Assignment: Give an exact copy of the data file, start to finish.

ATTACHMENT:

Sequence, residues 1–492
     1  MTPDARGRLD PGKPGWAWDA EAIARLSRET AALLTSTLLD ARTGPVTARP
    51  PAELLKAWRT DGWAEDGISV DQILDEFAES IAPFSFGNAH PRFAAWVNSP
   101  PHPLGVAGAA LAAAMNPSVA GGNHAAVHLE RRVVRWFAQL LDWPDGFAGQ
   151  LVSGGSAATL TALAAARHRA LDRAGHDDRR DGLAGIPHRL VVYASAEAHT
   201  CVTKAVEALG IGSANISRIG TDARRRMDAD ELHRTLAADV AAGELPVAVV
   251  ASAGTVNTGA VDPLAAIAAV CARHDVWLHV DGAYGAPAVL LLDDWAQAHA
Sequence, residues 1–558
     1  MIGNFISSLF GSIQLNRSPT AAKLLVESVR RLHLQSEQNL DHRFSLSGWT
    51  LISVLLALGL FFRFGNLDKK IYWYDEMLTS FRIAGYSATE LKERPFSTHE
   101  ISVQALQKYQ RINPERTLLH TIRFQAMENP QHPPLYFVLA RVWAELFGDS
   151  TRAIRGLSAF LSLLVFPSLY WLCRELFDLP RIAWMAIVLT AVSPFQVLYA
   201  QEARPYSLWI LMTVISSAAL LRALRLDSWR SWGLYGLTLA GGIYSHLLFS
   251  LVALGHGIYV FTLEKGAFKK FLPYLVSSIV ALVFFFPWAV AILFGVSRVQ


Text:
Sequence, residues 1–492
     1  MTPDARGRLD PGKPGWAWDA EAIARLSRET AALLTSTLLD ARTGPVTARP
    51  PAELLKAWRT DGWAEDGISV DQILDEFAES IAPFSFGNAH PRFAAWVNSP
   101  PHPLGVAGAA LAAAMNPSVA GGNHAAVHLE RRVVRWFAQL LDWPDGFAGQ
   151  LVSGGSAATL TALAAARHRA LDRAGHDDRR DGLAGIPHRL VVYASAEAHT
   201  CVTKAVEALG IGSANISRIG TDARRRMDAD ELHRTLAADV AAGELPVAVV
   251  ASAGTVNTGA VDPLAAIAAV CARHDVWLHV DGAYGAPAVL LLDDWAQAHA
Sequence, residues 1–558
     1  MIGNFISSLF GSIQLNRSPT AAKLLVESVR RLHLQSEQNL DHRFSLSGWT
    51  LISVLLALGL FFRFGNLDKK IYWYDEMLTS FRIAGYSATE LKERPFSTHE
   101  ISVQALQKYQ RINPERTLLH TIRFQAMENP QHPPLYFVLA RVWAELFGDS
   151  TRAIRGLSAF LSLLVFPSLY WLCRELFDLP RIAWMAIVLT AVSPFQVLYA
   201  QEARPYSLWI LMTVISSAAL LRALRLDSWR SWGLYGLTLA GGIYSHLLFS
   251  LVALGHGIYV FTLEKGAFKK FLPYLVSSIV ALVFFFPWAV AILFGVSRVQ